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Archive for August 28th, 2018

Remember the big debate about whether Trump was a closet free trader or a crude protectionist?

Some people claimed he was imposing tariffs and threatening other nations in order to get them to reduce trade barriers.

From the beginning, I was skeptical of this argument, but also acknowledged that we wouldn’t know for sure until we saw a Trump-negotiated deal.

Well, I point out in this interview that my skepticism was warranted. Trump unveiled a quasi-deal on NAFTA yesterday, and it unquestionably will reduce economic liberty.

There’s a lot we still don’t know. Especially about whether this new agreement will actually get approved.

But Claude Barfield of the American Enterprise Institute has a very succinct explanation of the good and bad. He agree with me that it’s good to remove uncertainty.

(1) The best thing about the agreement — if it holds — is that it will remove the extreme uncertainty for businesses in all three NAFTA economies.

And I’m guessing he also agrees that a weakened NAFTA is better than no NAFTA.

By the way, Administration officials have told me that there are a few good provisions, involving matters such as digital goods and property rights.

But Barfield’s list of bad provisions easily trumps (no pun intended) any positive changes.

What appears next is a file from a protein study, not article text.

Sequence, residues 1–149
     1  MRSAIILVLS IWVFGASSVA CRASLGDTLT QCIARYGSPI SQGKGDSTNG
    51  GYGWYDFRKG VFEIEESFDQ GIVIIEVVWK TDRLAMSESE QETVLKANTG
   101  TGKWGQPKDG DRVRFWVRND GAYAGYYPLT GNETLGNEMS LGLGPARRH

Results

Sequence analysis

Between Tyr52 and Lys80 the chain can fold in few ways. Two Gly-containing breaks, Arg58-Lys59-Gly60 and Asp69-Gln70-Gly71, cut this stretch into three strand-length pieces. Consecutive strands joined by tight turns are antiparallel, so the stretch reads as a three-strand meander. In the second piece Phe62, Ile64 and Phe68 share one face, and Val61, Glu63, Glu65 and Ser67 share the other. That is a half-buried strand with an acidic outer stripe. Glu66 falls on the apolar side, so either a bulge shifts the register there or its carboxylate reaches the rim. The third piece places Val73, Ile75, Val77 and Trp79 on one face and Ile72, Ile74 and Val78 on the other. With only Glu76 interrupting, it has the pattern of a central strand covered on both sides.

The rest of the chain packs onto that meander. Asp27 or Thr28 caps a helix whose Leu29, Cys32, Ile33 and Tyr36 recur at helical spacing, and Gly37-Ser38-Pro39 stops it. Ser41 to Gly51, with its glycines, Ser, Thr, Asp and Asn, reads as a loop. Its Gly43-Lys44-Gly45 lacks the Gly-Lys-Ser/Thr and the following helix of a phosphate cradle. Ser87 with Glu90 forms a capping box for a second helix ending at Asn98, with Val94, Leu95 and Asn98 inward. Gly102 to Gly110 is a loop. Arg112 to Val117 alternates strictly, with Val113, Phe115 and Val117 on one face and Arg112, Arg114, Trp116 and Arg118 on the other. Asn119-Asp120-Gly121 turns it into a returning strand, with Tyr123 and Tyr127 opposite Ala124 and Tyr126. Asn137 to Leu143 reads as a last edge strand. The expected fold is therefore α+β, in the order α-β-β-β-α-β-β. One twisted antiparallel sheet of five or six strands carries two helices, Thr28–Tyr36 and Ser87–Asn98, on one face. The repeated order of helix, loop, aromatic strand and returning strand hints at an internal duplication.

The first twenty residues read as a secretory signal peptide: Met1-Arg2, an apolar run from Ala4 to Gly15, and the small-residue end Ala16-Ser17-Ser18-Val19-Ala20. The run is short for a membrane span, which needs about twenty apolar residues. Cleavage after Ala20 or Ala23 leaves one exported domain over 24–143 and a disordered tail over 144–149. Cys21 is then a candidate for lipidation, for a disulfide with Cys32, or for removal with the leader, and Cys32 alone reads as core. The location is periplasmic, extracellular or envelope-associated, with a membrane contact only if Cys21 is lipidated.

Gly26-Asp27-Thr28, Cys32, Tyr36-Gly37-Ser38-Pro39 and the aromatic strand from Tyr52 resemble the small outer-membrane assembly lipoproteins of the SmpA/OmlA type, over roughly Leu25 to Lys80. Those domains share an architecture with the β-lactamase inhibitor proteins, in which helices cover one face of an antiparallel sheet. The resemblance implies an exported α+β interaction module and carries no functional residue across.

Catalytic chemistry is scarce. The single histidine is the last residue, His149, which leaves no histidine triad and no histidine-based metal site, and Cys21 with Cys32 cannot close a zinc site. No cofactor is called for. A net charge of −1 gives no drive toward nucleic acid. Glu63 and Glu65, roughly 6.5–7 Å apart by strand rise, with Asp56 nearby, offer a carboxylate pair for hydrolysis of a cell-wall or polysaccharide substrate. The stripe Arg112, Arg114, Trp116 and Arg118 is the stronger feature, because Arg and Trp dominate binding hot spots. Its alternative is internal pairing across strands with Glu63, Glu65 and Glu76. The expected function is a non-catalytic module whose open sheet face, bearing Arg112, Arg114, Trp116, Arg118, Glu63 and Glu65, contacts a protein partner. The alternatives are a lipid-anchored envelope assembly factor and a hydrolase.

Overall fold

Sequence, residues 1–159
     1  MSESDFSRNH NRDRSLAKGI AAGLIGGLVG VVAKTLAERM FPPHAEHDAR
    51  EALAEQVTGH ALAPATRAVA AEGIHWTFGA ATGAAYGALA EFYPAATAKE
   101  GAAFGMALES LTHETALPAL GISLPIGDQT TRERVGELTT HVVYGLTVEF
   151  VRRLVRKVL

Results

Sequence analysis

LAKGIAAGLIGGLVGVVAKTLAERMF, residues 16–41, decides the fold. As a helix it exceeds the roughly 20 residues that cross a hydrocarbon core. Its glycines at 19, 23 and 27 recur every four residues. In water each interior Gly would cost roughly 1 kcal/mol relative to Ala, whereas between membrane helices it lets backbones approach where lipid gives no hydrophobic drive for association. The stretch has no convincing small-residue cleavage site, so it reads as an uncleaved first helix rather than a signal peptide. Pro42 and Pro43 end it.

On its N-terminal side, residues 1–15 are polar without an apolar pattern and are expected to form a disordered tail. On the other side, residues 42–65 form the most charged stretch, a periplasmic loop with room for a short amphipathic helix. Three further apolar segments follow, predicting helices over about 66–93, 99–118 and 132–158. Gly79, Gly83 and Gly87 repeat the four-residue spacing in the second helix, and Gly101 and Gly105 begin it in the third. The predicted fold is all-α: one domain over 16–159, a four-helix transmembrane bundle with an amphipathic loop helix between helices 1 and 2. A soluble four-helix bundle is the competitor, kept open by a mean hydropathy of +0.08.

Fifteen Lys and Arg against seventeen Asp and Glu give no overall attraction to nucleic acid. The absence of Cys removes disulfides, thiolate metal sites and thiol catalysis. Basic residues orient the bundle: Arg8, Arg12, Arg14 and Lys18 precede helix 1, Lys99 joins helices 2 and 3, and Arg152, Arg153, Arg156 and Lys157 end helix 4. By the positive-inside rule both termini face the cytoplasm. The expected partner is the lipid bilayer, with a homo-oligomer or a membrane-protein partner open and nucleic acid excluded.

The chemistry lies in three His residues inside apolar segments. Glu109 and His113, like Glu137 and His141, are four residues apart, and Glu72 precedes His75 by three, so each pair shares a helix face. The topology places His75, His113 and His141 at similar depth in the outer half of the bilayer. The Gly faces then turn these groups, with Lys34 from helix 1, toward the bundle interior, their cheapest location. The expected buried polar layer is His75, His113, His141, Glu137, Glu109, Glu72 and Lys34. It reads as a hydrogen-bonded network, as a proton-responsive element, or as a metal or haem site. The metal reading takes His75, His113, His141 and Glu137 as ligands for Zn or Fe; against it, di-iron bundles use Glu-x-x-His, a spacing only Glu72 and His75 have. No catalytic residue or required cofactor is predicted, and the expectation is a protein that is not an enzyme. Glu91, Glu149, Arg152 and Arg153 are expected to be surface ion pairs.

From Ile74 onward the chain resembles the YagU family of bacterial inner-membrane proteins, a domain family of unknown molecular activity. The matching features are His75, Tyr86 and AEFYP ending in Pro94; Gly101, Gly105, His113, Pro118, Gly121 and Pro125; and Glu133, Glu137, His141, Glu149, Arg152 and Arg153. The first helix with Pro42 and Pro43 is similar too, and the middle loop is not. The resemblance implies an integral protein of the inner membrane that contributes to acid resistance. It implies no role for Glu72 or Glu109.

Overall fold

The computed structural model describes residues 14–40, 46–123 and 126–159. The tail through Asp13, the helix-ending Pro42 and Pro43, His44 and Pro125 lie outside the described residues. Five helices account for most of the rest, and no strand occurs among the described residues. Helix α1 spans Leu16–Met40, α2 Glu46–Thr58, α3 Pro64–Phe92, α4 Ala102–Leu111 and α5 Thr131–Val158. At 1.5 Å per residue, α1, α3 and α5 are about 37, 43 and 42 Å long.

(2) The tentative “rules of origin” provisions for autos are an abomination — so complex and anti-competitive that they invite endless litigation and corruption (rules of origin govern what percentage of a final product must come from the three NAFTA nations).

(3) The old NAFTA dispute settlement system for investors has been gutted, leaving US industry and Congress with a huge dilemma as to whether to support the new pact.

(4) The auto/labor provisions (forcing Mexico to pay workers $16/hour for a number of jobs in Mexican auto plants, or four times the average hourly pay in Mexico) is a terrible precedent for mandating changes in domestic policy through a trade agreement.

Point #4 is especially terrible. It basically seeks to set wage levels above productivity levels in Mexico, which is a recipe for more unemployment in that already shaky economy (by the way, someone should tell Trump this will lead to more illegal migration from Mexico to the U.S.).

This is the same theory that the French and Germans use when trying to undermine tax competition. It’s supposedly unfair, they argue, when other countries have lower tax rates.

The bottom line is that Trump is hurting America. NAFTA has been good news for the United States, producing more jobs, more exports, and higher living standards.

When grading Trump’s overall economic policy, we just got a big chunk of bad policy to offset some of the good policy.

Sad!

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